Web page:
The Flyers will hit their bye week with a 22-18-6 record, technically above 0.500 but actually having lost two more games than they have won. Unless the Carolina Hurricanes go into a swoon this week, it’s almost certain that they’ll pass Philadelphia for the final wild card spot in the Eastern Conference before the Flyers take the ice again next Saturday. It’s undeniable that Philadelphia is posting its worst results of the season, but in order to turn things around, it’s necessary to diagnose what has actually gone wrong. Unfortunately, the answers aren’t clear cut.
It does feel like the shooters are snakebitten right now and the goaltenders are playing especially poor (especially at 5v5) and the numbers back that up. Since December 19th — the first game after the streak ended — Philadelphia has scored on only 4.71% of their shots on goal during 5-on-5 situations. During the same stretch, their goaltenders have stopped just 89.58% of the shots they’ve faced. That’s a PDO of 94.29, which is comically low. Since 2007-08, the worst full-season PDO for a team is 96.06 by the 2013-14 Florida Panthers, so the Flyers’ recent rates simply aren’t going to stay this poor. There absolutely is an element of bad luck to this run.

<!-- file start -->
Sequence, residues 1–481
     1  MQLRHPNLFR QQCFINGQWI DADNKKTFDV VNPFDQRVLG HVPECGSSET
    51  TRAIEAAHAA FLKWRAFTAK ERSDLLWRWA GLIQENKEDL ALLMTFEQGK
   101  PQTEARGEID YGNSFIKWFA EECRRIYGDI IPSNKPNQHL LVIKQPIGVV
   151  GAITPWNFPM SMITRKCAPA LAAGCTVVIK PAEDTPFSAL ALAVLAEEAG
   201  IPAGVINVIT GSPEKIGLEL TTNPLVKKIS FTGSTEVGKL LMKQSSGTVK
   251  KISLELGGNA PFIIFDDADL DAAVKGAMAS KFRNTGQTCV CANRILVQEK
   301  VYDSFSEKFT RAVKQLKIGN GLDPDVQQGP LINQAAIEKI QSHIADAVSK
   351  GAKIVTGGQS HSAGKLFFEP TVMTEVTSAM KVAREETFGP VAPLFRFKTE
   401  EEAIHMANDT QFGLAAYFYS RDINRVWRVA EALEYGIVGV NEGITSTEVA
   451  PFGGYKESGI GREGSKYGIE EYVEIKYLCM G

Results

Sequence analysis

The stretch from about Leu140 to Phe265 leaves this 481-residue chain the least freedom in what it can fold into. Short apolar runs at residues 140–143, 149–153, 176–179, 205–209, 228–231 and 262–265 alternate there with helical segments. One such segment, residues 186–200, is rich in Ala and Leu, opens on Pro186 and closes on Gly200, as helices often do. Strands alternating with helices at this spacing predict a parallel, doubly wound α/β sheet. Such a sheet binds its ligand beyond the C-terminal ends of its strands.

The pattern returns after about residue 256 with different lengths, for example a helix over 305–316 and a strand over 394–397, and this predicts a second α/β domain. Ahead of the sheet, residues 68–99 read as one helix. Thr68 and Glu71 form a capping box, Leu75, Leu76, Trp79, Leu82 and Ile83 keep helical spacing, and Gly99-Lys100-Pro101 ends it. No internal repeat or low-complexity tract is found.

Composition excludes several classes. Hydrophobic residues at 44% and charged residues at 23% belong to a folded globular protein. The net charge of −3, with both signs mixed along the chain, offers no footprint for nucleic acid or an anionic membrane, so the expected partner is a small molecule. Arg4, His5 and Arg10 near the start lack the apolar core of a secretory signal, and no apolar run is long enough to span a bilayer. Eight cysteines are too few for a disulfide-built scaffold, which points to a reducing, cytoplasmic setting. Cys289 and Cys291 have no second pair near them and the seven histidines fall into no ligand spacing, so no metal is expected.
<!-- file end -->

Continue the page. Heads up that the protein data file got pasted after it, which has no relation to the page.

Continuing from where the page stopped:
But that’s obviously not the whole story. It doesn’t take a hockey expert to see that the Flyers are blowing coverages in the defensive zone regularly, and that the goalies are simply not making enough tough saves when the mistakes occur. That’s not “luck,” that’s poor play by the skaters getting amplified by poor play from the netminders. And this is where evaluations get difficult. No, Philadelphia won’t continue to shoot at sub-5% rates and allow more than 10% of the shots to go in the net; history tells us that. However, is it plausible that Steve Mason never turns things around, because really poor goaltending years do happen, and it’s not like Mason has never been bad before. Also, the Flyers’ propensity for shots from the perimeter could continue to deflate their overall shooting percentage (it won’t stay this low, but could still fall below league average), and it’s not like they’ve dominated enough in terms of raw volume to make up for that. If either of those trends hold, we’re not talking about very good overall results the rest of the way.